By Pioneer Press Editorial Board | Pioneer Press
PUBLISHED: March 18, 2018
The recent airing of “data practices” and privacy questions involving east metro city governments is good for democracy.
The pull and tug — concerning issues in Woodbury and St. Paul — is instructive as we consider our values when it comes to government transparency and the public’s right to know how our public officials are performing.
The issue in Woodbury, as Mayor Mary Giuliani Stephens summed it up, stems from concerns about public requests for large amounts of data that were consuming a lot of staff time.
In St. Paul, a new city council policy under which speakers at its public hearings introduce themselves with their name and neighborhood, rather than full street address, worried some government watchdogs and reporters.
Both merit a closer look.
In Woodbury, the data concerns made their way in January into the city’s 2018 Legislative Agenda. Officials since then have rightly walked back mention that the city “does not support expanding the current data practice statues,” and encouraged “reforming the open records law to address some of the abuses that are occurring.”
Stephens told us she will make a motion that the city council remove the matter from the agenda. There was confusion about it, she acknowledged, noting that “I want people to know where I stand, and where we stand as a city.”
“I support full transparency. I think people should have access to the information they want,” said Stephens, who also is a Republican candidate for governor.
Woodbury City Administrator Clinton Gridley, replying in response to written questions, said that no bill was introduced on the matter and that it rather was intended for conversation with area legislators.
The agenda raised questions about procedures under which those who request information inspect it, rather than pay for copies, and the scope of questions that could be asked to help clarify a data request.
Don Gemberling, a longtime state leader on freedom-of-information and privacy matters, reminds us that the free-inspection provision in the state’s Data Practices Act is “really the ultimate way to balance the playing field. That’s what the public should care about.”
In addition, the questions about procedures should remind government entities that “part of the way you can deal with this is to do a better job of how you keep your data,” said Gemberling, who also is a leader in the Minnesota Coalition on Government Information, an open-government advocacy organization.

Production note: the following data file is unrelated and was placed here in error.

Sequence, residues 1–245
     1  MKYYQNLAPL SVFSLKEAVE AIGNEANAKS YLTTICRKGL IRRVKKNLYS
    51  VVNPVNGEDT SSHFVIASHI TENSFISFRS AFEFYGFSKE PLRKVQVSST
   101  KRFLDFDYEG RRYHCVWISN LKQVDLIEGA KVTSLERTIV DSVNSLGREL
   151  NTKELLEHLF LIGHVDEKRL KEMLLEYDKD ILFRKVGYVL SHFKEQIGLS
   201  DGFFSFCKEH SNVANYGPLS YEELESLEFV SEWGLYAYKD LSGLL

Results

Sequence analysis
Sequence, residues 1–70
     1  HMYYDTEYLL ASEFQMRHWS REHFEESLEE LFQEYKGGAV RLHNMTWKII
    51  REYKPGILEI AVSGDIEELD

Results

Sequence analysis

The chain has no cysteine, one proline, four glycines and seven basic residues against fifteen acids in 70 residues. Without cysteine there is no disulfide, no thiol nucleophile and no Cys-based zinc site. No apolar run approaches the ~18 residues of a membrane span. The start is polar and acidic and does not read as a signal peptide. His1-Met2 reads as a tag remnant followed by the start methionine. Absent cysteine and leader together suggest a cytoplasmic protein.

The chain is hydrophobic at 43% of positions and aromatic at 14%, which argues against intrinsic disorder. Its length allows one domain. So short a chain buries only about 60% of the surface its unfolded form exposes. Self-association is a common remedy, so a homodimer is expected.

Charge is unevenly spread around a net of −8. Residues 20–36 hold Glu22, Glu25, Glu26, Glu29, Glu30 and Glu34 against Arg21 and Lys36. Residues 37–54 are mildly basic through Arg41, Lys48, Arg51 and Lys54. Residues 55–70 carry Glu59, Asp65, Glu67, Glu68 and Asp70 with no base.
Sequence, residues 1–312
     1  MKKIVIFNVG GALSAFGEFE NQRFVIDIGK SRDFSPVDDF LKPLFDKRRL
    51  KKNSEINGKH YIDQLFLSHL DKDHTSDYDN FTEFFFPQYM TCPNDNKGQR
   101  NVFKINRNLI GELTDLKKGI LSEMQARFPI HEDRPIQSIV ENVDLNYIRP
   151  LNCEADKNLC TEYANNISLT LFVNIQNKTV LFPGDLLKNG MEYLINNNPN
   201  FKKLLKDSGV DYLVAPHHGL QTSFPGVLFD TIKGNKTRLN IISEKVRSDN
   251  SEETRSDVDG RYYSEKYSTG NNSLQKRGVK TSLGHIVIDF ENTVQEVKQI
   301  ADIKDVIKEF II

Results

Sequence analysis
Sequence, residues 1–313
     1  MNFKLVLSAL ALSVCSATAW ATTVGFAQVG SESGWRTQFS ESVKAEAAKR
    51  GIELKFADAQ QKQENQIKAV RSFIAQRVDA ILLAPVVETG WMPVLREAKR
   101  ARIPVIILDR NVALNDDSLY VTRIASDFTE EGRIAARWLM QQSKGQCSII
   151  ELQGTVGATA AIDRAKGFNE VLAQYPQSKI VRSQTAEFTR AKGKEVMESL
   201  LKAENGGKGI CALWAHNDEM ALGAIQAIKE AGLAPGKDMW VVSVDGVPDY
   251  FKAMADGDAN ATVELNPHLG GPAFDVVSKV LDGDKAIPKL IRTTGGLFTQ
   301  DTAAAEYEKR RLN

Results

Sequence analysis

After 40 years under the law, he said, government entities should at last “become part of a culture that says the public has a right to this stuff and whatever we can do to facilitate the exercise of that right, all the better.”
St. Paul City Council Member Jane Prince addressed the Woodbury issues at a recent news conference sponsored by the coalition to highlight its legislative concerns.
In a follow-up conversation, Prince highlighted her approach to such issues: “We need to remember who we work for — that we work for the public, and when we create documents or when we work on projects … it’s the public’s data.”
“I do know that certain requests can take a lot of staff time and be pretty complicated,” she acknowledges. “I also know that there’s this kind of profile of a gadfly who just creates difficult requests to gum up the works.”
At times, requests may seem “too extensive or not reasonable, but you also have the ability under the law to phase your response, provide it in sections and within a reasonable time,” she explains.
Mayor Stephens told us she has asked city staff to meet with Gemberling to discuss “how we can make the process easier.”
In St. Paul, it’s been argued that the change in the way people identify themselves at city council meetings runs counter to transparency and adds complications for reporters working on tight deadlines.
Having those who speak before the council state their full name and neighborhood, rather than street address, remedies a barrier to participation for some residents, including women concerned about personal safety, Council President Amy Brendmoen told us. Meetings — recorded and live-streamed —are available on cable TV and online.
Gemberling, writing on behalf of the government-watchdog group Saint Paul STRONG, asserts that personal safety concerns could be addressed on a case-by-case basis without changing council procedures of long standing.
He also argues that the change should have been subject to public discussion, while Brendmoen told us the council doesn’t typically hold hearings about procedural changes.
Mention that advocates might now more easily “pack” the council chambers with supporters — people from anywhere — also has been part of the discussion.
“People can do that now,” Brendmoen told us. “We don’t check IDs.”
Meanwhile, the expectation remains that those who testify provide their name and address on a sign-in sheet maintained by the city clerk.
The new procedure has been in place for about six weeks. “We’re seeing how it works,” Brendmoen said.
While we do, it’s worth keeping track of issues — including those close to home — that could cloud the bright light of government transparency.